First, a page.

• After that I stepped into extreme exercise going over the top with long-distance running, HIIT, spin classes and yoga trying to be the best in each activity I did thinking that was the answer

  • In the meantime I was always experimenting with the diet of the moment- plant-based, keto, macro counting, etc. which was always extreme and on/off again as it never seemed sustainable 

  • In my mid-twenties, I started to feel like crap and began seeking out different practitioners and doctors to try and give me the label as to why my health felt like it was “off.”

After probably seeing 10 different types of practitioners in the health space, I realized that no one medication or supplement or diet or workout was going to fix me. I instead had to take a hard look at my life and WHAT GOT ME THERE IN THE FIRST PLACE. This is still an ongoing battle as old habits die hard, but here are some of the things I had to come to terms with that were likely the “whys” behind my declining health:

  • I was overbooked, over-scheduled and over-working. I have always worked at least 1-2 jobs (and at my peak for 5-6 places) and thrived on a full calendar and helping others. Whether it was health coaching, teaching fitness classes or waitressing, I thrived on others seeing me be productive. But this wasn’t sustainable and was a big reason for my issues with fatigue, hormone issues, weight gain and a need for practically an IV drip of caffeine.

  • I was undereating, over-drinking and under-sleeping. All of the years of battling with food led me to do a lot of restriction with food but then total blowout on the weekends going out and drinking/eating afterwards. These busy weekends paired with crazy working hours led to hardly any sleep and definitely low quality sleep at that. I would leave at 5am and not get home until 8-9pm most days and that was just “normal.”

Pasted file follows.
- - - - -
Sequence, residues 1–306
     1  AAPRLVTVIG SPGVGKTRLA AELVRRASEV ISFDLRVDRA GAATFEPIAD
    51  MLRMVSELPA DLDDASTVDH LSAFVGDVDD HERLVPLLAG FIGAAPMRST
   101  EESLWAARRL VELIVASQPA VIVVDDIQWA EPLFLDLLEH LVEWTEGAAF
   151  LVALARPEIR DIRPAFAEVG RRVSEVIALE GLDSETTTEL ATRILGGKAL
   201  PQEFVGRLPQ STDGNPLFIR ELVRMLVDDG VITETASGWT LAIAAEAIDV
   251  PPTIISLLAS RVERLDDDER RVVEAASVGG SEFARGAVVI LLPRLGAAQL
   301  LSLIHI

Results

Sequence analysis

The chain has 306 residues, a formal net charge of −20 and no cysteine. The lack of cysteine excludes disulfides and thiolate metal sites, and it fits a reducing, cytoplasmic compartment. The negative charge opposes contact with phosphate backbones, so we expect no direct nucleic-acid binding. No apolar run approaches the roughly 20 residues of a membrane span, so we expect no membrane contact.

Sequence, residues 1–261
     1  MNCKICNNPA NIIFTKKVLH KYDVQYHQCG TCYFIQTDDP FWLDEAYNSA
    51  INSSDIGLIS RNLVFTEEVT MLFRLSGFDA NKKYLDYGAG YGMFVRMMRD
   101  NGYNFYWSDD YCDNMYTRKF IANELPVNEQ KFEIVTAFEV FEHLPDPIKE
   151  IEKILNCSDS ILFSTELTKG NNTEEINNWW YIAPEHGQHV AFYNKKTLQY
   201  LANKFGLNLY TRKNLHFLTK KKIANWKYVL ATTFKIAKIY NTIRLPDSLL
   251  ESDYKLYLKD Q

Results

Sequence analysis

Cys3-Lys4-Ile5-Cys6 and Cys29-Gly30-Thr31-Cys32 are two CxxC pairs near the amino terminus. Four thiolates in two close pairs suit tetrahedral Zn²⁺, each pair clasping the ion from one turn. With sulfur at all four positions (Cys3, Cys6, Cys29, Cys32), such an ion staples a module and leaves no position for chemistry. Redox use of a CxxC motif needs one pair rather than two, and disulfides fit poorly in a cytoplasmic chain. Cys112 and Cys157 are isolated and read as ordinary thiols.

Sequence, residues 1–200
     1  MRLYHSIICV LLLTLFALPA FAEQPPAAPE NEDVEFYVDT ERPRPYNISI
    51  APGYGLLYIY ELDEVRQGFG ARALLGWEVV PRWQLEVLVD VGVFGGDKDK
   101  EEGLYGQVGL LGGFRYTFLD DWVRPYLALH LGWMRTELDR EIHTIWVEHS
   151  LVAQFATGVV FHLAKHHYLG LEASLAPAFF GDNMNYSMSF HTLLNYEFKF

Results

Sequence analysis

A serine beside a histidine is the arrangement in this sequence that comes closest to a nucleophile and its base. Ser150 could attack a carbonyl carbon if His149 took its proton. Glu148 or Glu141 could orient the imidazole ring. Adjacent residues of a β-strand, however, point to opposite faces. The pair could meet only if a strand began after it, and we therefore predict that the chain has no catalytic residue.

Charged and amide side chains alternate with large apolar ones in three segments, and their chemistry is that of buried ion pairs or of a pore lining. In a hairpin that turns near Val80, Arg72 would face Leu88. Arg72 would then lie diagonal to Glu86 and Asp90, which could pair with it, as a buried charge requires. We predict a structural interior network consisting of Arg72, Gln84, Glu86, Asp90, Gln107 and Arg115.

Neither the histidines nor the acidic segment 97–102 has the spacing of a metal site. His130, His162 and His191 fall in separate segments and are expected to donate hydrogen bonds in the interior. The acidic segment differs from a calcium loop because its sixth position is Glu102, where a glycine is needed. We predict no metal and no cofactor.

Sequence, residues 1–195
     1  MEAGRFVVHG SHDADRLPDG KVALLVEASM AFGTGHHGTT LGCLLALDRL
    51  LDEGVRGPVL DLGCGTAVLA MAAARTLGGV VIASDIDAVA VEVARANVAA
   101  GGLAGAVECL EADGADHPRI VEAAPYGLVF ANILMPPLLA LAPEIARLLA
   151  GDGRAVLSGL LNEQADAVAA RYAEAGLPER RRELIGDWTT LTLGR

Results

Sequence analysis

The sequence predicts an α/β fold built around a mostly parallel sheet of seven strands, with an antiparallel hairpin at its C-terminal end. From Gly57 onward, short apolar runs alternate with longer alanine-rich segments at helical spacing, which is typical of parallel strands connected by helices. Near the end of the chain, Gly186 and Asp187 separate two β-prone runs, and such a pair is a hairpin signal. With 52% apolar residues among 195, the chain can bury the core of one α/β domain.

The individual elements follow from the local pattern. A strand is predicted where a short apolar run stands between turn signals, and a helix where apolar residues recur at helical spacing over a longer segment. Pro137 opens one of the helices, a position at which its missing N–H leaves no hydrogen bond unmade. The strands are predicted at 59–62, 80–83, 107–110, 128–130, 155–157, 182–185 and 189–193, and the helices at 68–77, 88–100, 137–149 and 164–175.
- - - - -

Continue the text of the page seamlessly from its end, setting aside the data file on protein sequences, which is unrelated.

• I was ignoring toxic exposures in my life and how they contributed to my health. I was drinking unfiltered water, lighting up Bath + Body Works candles daily, coating myself in perfume and using a ton of scented products. I was also eating/drinking a ton of artificial sweeteners and colors/dyes in all the “health” foods with protein bars, diet sodas, etc. 

I personally came to the realization it was the sum of all parts– it wasn’t just food or exercise or toxicity or sleep that was hurting my health….it was all of those choices combined. Nothing is inherently going to cause sickness/disease, but too much of anything is likely too much. 

Your Health is the Sum of All Parts

The next time you are tempted to jump on a bandwagon or just accept a diagnosis from your doctor, I encourage you to step out of your comfort zone and ask WHY. I see this often with long-term medication or supplement prescriptions that have no end in sight and also don’t challenge you to clean up your lifestyle.

  • What is that medication/supplement going to cover up? 

  • What symptoms will it suppress so you can go on living the way you have been?

  • What is the recurrence or frequency of the same symptoms/pain, etc. trying to tell you?

  • What needs to shift in your life that is contributing to the issue?

It’s time to unlearn your approach to health and wellness. Be a rebel and go “uncategorized” and “undiagnosed” and become a seeker of the why instead of the “one” thing.